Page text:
Object 96: Night safe wallet, c.1934
In 1929 Westminster Bank took an important step towards extending its operations outside normal banking hours. Declaring itself 'always alive to the needs of the times', it introduced its first night safes.
At the time, demand for extended access to bank services was limited, but growing. Businesses such as cinemas, restaurants and some shops took most of their money outside normal banking hours, and couldn't deposit it safely into their accounts until the banks reopened next day or after the weekend. In the meantime, they had no option but to accept the anxiety and risk of keeping cash at home or in business premises. Westminster Bank saw an opportunity to solve a problem for its customers.
The bank investigated various options, including evening opening and out-of-hours cash collections. It was clear, however, that such facilities would pose a threat to staff safety, and would not be popular enough to justify the expense. Instead, they turned to a solution that had already been tried in the United States and Germany; night safes.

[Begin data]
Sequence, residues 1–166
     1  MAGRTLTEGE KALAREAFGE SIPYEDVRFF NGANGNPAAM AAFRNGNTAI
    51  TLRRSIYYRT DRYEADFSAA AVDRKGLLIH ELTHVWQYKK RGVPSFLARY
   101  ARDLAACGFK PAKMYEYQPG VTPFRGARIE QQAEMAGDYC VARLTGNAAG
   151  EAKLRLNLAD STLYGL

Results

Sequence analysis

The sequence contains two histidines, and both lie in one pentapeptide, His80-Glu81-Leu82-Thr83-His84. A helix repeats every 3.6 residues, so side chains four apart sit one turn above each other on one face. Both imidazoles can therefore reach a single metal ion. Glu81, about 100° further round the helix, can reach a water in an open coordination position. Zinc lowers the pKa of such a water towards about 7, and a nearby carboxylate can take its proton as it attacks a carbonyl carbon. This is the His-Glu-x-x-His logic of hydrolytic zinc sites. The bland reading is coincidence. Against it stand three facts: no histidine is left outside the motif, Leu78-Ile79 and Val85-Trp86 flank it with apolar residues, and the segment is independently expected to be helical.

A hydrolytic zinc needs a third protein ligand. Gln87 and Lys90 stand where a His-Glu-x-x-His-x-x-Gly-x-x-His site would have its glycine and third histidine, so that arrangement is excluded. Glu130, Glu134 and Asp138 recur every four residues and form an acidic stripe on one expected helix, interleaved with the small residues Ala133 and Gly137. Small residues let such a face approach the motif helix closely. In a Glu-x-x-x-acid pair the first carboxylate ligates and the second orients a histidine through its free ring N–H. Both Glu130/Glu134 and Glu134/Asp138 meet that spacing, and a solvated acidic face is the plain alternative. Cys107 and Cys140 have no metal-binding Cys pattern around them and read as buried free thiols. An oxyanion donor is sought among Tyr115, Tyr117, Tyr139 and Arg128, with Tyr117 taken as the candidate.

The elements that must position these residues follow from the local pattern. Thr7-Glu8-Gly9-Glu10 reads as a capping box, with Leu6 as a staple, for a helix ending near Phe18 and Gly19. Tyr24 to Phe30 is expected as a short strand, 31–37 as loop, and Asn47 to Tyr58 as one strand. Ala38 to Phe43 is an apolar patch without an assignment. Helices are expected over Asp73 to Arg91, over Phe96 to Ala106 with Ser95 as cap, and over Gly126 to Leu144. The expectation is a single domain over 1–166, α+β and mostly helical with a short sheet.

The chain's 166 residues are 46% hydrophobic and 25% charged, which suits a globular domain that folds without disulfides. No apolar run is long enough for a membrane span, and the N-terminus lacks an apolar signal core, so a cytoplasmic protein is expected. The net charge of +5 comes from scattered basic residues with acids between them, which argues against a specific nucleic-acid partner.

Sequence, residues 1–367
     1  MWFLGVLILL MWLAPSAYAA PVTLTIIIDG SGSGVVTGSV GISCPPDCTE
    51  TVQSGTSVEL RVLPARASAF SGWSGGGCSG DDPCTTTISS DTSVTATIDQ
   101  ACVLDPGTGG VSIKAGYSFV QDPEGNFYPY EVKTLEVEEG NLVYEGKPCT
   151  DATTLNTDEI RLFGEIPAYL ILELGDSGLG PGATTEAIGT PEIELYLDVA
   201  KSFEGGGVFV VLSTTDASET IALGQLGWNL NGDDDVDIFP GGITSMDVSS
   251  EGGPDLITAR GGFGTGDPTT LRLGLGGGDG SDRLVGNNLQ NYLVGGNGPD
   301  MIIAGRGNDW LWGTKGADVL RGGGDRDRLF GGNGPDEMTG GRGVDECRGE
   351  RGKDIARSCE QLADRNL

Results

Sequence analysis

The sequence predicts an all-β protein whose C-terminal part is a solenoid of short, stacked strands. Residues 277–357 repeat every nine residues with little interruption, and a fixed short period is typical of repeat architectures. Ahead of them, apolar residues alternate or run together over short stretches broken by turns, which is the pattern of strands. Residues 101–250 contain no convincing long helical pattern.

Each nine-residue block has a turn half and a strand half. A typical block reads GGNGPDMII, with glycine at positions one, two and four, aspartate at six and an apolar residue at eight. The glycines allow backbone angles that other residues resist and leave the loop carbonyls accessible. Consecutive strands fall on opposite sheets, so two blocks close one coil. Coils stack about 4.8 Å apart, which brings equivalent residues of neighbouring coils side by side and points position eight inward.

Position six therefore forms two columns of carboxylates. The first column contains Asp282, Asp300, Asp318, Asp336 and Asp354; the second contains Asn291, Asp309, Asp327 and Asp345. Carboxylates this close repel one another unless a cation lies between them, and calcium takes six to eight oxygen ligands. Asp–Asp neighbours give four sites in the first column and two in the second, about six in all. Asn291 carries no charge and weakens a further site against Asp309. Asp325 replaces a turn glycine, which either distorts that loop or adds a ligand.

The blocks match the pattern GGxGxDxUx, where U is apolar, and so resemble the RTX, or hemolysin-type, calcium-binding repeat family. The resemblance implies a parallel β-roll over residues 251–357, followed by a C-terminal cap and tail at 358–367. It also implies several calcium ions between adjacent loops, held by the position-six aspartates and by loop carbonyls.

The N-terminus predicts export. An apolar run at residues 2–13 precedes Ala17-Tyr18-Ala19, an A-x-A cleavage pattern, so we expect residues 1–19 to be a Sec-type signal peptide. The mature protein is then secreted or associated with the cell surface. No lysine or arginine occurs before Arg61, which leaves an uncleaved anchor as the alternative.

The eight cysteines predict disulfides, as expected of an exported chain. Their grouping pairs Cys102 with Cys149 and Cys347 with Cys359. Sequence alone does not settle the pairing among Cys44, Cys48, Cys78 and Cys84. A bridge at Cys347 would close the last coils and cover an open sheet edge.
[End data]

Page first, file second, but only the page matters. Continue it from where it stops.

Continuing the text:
To customers used to banks that were either open or closed, the night safe represented a new departure. Literature of the period called it 'a thief-proof automatic letter box'; a secure hatch located in the public street through which money could be deposited at any time, direct into 'the inner fastness of the bank'.
| this strange new service had become part of normal banking life
The bank drew up a list of 50 trial locations, and began making preparations. Buying and installing the safes themselves was not the only challenge. There were also wallets and stationery to produce, new procedures to establish and staff to train. It was a major investment, so although officially only a trial, the bank was keen to ensure its success. Anticipating what it called 'the natural conservatism of the English people', the bank planned a concentrated marketing campaign to sell the idea to customers. Branch managers were encouraged to promote the service, letters were sent to customers who might benefit and notices were placed in branch windows and on counters. Slips were tucked inside selected customers' passbooks and advertisements were placed in local and national newspapers.
The first two Westminster Bank night safes were installed in January 1929, in Chesterfield and Derby. By April 50 were up and running. By October there were over 200. In June 1929 one newspaper remarked that 'it makes one wonder why the idea was not developed before'. Already, this strange new service had become part of normal banking life.